IRON COWBOY VI – João Redux    

What a big snore the whole “Inside” opening segment is; total waste of air. It’s PBR’s attempt at an NFL pre-game show. Epic fail. A half hour of b.s., and all the chatter up front didn’t even mention João Ricardo Vieira as a possible winner. They covered Guilherme Marchi, Renato Nunes, Silvano Alves, J.B. Mauney, J.W. Harris. “I think all roads go through Silvano Alves,” was Ty Murray’s assessment. Yeah, but he also said, Asteroid’s trip with Silvano at the Finals was one of the bull’s weakest.


  • It’s Asteroid’s last out, and the boys stage-managed another draw: Mike Lee was the last cowboy on Bushwacker, and now he’s the last one on Asteroid. PBR just loves these storylines. Lee was Asteroid’s 49th buckoff—and went somersaulting over his head. Score: 46. Guilherme Marchi’s take on Asteroid: “He’s a kind of little bull, but has a big heart.” Sweet!
  • Shepherd Hills Trapper & Jack Daniel’s After Party are being retired. Waaah! Trapper is 10 for 65 right now; he made J.W. Harris his 17th straight buckoff.
  • Loved the shot of H.D. Page scratching Shepherd Hills Tested, who acted just like a doggie, not one of the toughest bulls in the PBR.
  • This was the first out for Just Push Play, from the Navajo Nation, who was invited when Cody Lambert showed a phone video to Justin McBride. Lachlan Richardson couldn’t ride him here, and João Ricardo Rivera couldn’t ride him in Fresno next week. (The one advantage of writing in retrospect is that you always predict the future correctly!)
  • David Neal’s people need to keep a camera on the bulls after they’re done with the riders; some of them are P.F.F. In fact, I think PBR should add a new category at the Finals: Best Post-Cowboy Performance by a Bovine. California Sports Coat stumbled around, Valdiron de Oliveira melted off his side, then the bull’s big ol’ head went sliding along in the dirt. CSC capped that act by fleeing everyone who was after him—even after he got roped, he was still scampering around the arena until it was the next bull’s turn.


  • Adriano Moraes’s guest appearance, talking about Kaique Pacheco: he’s got a 56+% riding percentage, and is quieter than Silvano?!
  • “You want to be a champion bullrider, watch this film,” said Ty, who finally got with the program. João Ricardo Vieira scored 90.50 on Bruiser by staying up front, making adjustments, allowing daylight between his seat and the bull’s back as Bruiser tried slinging him around.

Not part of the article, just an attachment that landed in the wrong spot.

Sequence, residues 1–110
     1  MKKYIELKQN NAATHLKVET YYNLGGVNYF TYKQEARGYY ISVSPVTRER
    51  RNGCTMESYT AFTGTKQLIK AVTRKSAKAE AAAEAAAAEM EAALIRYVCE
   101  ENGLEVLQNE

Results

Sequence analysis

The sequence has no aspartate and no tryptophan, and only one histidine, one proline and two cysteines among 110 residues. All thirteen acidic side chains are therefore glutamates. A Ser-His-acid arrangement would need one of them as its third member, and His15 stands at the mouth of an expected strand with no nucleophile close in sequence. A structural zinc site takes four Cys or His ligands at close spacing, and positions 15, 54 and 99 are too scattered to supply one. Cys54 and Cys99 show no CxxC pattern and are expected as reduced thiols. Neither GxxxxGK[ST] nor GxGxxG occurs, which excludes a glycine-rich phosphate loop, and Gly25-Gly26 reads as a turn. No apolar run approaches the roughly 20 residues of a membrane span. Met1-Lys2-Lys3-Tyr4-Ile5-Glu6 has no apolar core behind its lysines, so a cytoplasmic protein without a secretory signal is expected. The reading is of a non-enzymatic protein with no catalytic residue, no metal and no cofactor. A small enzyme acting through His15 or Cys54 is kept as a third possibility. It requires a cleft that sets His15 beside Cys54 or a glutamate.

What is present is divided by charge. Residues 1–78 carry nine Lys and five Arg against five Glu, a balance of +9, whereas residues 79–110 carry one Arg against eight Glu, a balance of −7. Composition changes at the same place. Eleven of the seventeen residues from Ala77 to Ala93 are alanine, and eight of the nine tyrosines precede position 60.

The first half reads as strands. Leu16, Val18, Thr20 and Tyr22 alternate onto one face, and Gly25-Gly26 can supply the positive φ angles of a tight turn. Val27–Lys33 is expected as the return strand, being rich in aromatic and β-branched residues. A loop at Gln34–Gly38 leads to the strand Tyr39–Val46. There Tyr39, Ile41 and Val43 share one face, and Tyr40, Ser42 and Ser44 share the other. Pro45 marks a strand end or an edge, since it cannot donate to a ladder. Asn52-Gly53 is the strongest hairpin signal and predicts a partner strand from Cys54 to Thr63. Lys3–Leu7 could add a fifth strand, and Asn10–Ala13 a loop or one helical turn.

• J.W. Harris on Cowtown Slinger, for 86.75. I almost don’t care about the score; I just love watching him constantly adjusting while he keeps his eyes down on the bull’s shoulders. That’s how you’re supposed to ride, boys!


  • As usual, PBR (this time in the guise of J.W. Hart) claimed the arena was full, in spite of people saying all over Facebook and Twitter  they couldn’t get there because of the terrible weather.
  • Cody Lambert’s explanation of the re-ride “option” was completely contradictory and incoherent. The PBR is still trying to talk out of both sides of its mouth. Says Cody, citing Alves’s riding percentage, “This is about riding more bulls than anyone else here.” Uh, not really, dude.
  • Yet another interview with J.B. Mauney at the top of the show. The PBR clearly is unaware that there is any other cowboy on the planet. Cody Lambert and Justin McBride did the honors this time: “The stage never gets too big for this guy,” oozed Justin. Hummer’s contribution: “He wants to be not just bad to the bone, but badder than the rest of them.” Gag! Note: J.B.’s riding percentage: 43.48%. Nathan Schaper’s: 48%. I don’t see any Schaper worship going on. Guilherme Marchi has a 48.15% riding percentage and 533 rides on the BFTS. Need I say more?
  • PBR hired Olympic gold medalist Michael Johnson as a trainer, and showed a video of him torturing Matt Triplett. As if the reason for this move is “to help the athletes battle the bulls”! It’s to help the American athletes battle the Brazilian athletes, because the Killer Bs have always trained, and gee, do ya think that might have something to do with what asskickers they are?
  • A 4-way tie for first place is kinda ridiculous; I don’t know what the judges thought they were doing with the scoring.

“St. Louis, I didn’t ride very good, so I needed to refresh my brain.”—J.B. Mauney.

L.J. Jenkins rode Winter Jack for 87.50. “Some signs of life from L.J.,” Craig snarked.

“Right now he’s riding great,” says Ty about Stormy Wing, as Stormy gets thrown off.
“Matt Triplett is the new J.B.”

Mike Lee was very solidly stuck on Kiss Animalize and nailed an 85.75. Slight problem: the arena’s the biggest one in the country; he would’ve passed out from exhaustion on his victory lap. He cut it in half by running onto the stage and up to the locker room.

J.B. Mauney was given a Silvano Score (81.75) for his ride on Earl. Craig Hummer of course looks at this as Mauney’s first step toward regaining his 2012 Iron Cowboy title. Um, and what step would this be for Vieira, last year’s winner?